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Toxicogenomics

  • Tohru Inoue
  • William D. Pennie
Conference proceedings

Table of contents

  1. Front Matter
    Pages II-XXIII
  2. Introductory Keynotes

    1. Front Matter
      Pages 1-1
    2. Ken-ichi Arai
      Pages 12-19
    3. George Orphanides, Jonathan G. Moggs, Tracy C. Murphy, John W. Edmunds, William D. Pennie
      Pages 20-28
  3. Strategy for Toxicogenomics

    1. Front Matter
      Pages 29-29
    2. Russell S. Thomas, Kevin R. Hayes, Gina M. Zastrow, Karen Tran, Sharron G. Penn, David R. Rank et al.
      Pages 31-38
    3. Andrew G. Smith, Susan Robinson, Bruce Clothier, Reginald Davies, David J. Judah, Joan Riley et al.
      Pages 39-45
  4. Technical Development (Genomics and Proteomics)

  5. Experimental Applications (1) Oncology Research

    1. Front Matter
      Pages 75-75
    2. Timothy W. Gant, Nicola J. Turton, Joan Riley, David J. Judah, Reginald Davies, Doron Lipson et al.
      Pages 82-87
    3. Makoto Shibutani, Chikako Uneyama, Naoya Masutomi, Hironori Takagi, Masao Hirose
      Pages 100-106
  6. Experimental Applications (2) Xenobiotic Metabolism

    1. Front Matter
      Pages 107-107
    2. Toshihisa Ishikawa, Megumi Yoshikawa
      Pages 109-114
    3. Michelle M. Tabb, Changcheng Zhou, Bruce Blumberg
      Pages 115-125
  7. Experimental Applications (3) Endocrine Disruptor Research

    1. Front Matter
      Pages 127-127
    2. Koji Arizono, Kazuhiro Ura, Nobuaki Tominaga, Toshinori Kai, Yuji Kohara, Taisen Iguchi
      Pages 129-134
    3. Kwong-Kwok Wong, Jun Kanno, Rita Cheng, Lyle Sasser, James Morris, Larry Anderson et al.
      Pages 141-148
    4. Hajime Watanabe, Atsuko Suzuki, Takeshi Mizutani, Hiroshi Handa, Taisen Iguchi
      Pages 149-155
    5. Masatoshi Komiyama, Tetsuya Adachi, Chisato Mori
      Pages 156-162
  8. Future Prospects and Risk Assessment

    1. Front Matter
      Pages 169-169
    2. Denise E. Robinson, Syril D. Pettit, D. Gwyn Morgan
      Pages 194-203
    3. Mike Furness, Cecelia Pearson, George Natsoulis, Alan Engelberg, Keith Bostian, Kurt Jarnagin
      Pages 204-212
  9. Back Matter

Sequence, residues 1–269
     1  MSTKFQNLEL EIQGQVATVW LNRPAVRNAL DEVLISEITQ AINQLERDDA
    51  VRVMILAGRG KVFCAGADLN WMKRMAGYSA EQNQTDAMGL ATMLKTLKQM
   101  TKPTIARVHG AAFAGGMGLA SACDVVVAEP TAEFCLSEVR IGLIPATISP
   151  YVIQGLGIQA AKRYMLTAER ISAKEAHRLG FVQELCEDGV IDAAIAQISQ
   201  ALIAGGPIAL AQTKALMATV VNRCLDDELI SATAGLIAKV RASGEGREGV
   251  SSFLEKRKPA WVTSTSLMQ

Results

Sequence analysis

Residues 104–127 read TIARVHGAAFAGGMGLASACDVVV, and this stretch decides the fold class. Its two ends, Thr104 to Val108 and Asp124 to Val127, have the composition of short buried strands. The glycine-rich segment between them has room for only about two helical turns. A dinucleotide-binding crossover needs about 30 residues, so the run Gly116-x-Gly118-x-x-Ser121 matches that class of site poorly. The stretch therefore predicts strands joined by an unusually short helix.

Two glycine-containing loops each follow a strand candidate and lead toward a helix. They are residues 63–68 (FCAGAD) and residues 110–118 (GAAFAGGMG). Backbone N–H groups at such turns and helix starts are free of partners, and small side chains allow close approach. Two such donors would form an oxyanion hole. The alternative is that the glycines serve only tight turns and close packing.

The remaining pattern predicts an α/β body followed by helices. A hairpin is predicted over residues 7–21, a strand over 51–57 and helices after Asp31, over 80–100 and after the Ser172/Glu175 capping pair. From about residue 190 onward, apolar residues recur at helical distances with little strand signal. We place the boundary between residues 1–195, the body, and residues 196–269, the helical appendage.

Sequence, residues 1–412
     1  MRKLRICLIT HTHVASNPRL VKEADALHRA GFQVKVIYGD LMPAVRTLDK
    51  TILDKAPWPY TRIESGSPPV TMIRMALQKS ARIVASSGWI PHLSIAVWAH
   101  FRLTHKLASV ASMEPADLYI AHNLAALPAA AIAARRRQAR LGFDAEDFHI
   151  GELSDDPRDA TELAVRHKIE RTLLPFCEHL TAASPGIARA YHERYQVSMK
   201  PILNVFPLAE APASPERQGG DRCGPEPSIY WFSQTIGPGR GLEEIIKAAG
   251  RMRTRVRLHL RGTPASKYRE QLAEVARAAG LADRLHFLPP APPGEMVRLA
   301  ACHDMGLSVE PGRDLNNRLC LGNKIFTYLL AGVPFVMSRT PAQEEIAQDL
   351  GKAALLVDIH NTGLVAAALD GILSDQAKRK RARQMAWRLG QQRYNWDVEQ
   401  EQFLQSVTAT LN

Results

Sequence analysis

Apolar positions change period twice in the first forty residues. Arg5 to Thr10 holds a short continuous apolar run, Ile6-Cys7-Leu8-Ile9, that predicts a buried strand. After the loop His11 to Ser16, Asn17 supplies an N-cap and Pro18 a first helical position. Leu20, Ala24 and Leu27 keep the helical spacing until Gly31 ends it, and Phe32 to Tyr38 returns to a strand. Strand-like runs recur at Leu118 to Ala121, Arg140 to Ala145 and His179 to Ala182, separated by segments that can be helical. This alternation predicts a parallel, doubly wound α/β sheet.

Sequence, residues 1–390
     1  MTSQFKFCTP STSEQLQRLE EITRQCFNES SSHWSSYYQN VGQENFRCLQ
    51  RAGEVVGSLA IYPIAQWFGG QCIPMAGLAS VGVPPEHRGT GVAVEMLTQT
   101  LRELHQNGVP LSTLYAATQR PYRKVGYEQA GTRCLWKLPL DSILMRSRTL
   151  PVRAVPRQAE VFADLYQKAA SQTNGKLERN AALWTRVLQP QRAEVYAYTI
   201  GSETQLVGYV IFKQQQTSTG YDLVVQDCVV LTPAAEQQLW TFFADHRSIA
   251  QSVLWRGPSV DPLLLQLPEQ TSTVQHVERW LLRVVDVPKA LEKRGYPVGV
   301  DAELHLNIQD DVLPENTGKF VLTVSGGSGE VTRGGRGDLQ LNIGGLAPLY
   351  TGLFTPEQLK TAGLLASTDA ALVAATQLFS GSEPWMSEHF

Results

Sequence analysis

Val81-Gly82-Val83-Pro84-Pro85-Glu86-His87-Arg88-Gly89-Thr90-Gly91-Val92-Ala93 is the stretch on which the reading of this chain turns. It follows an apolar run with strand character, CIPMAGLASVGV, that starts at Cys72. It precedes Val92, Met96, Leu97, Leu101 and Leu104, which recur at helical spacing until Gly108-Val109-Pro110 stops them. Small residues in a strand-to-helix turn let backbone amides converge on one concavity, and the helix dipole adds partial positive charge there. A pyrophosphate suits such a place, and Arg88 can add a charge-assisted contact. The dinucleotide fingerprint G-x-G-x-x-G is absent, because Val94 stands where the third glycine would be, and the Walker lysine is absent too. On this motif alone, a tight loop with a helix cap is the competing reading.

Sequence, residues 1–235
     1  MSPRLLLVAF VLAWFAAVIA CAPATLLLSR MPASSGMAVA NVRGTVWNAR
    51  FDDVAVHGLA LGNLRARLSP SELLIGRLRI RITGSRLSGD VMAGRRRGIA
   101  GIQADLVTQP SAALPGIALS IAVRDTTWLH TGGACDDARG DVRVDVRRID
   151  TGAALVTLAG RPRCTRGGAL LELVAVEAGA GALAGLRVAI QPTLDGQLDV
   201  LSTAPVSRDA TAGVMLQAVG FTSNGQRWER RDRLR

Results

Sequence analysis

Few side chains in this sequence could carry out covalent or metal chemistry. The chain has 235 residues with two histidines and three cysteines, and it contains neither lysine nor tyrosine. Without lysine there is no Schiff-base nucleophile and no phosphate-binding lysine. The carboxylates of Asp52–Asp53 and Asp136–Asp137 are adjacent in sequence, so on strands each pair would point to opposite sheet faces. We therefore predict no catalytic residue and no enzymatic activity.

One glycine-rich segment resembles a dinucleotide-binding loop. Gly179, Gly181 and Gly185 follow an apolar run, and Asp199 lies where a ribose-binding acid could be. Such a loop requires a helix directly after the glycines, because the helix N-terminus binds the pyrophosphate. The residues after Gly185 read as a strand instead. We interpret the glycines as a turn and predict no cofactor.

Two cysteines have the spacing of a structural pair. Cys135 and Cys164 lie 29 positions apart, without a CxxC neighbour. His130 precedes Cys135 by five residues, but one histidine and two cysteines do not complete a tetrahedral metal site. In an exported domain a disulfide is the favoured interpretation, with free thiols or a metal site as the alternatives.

Pages 219-228

About these proceedings

Introduction

The meteoric rate at which the human genome is being sequenced has presented to the research community a vast array of newly discovered genes, which in tum has catalyzed an even more dramatic effort to decipher this voluminous data set into understanding how genes function both individually and in complex pathways that regulate the biochemistry of life. A compendium of gene expression data, enhanced by complete proteomic analysis, will enable investigators to probe into the complexities of the mechanisms of normal genetic and metabolic pathways and, subsequently, how disease occurs when they malfunction. The new science of toxicogenomics combines genomic, proteomic, and informatics technologies, and biological research can now foresee a time when there will be a full comprehension of the complex dynamic mechanisms of genetics, biochemistry, and physiology. The inherent power of toxicogenomics derives from an amalgamation of multiple scientific disciplines that were originally drawn together to facilitate sequencing the three billion bases that comprise the human genome. Traditionally, the science of toxicology has been founded upon empirical codification of dose-related effects. It has evolved to studies that are directed towards understanding the mechanisms by which individual agents cause their effects in humans. Due to technical limitations, this process has been relatively slow, since it has accomplished one chemical or one effect at a time.

Keywords

DNA chip Single Nucleotide Polymorphism microarray reverse toxicology toxicogenomics

Editors and affiliations

  • Tohru Inoue
    • 1
  • William D. Pennie
    • 2
  1. 1.Center for Biological Safety and ResearchNational Institute of Health SciencesSetagaya-ku, TokyoJapan
  2. 2.Molecular and Investigative ToxicologyDrug Safety Evaluation, Pfizer PGRDGrotonUSA

Bibliographic information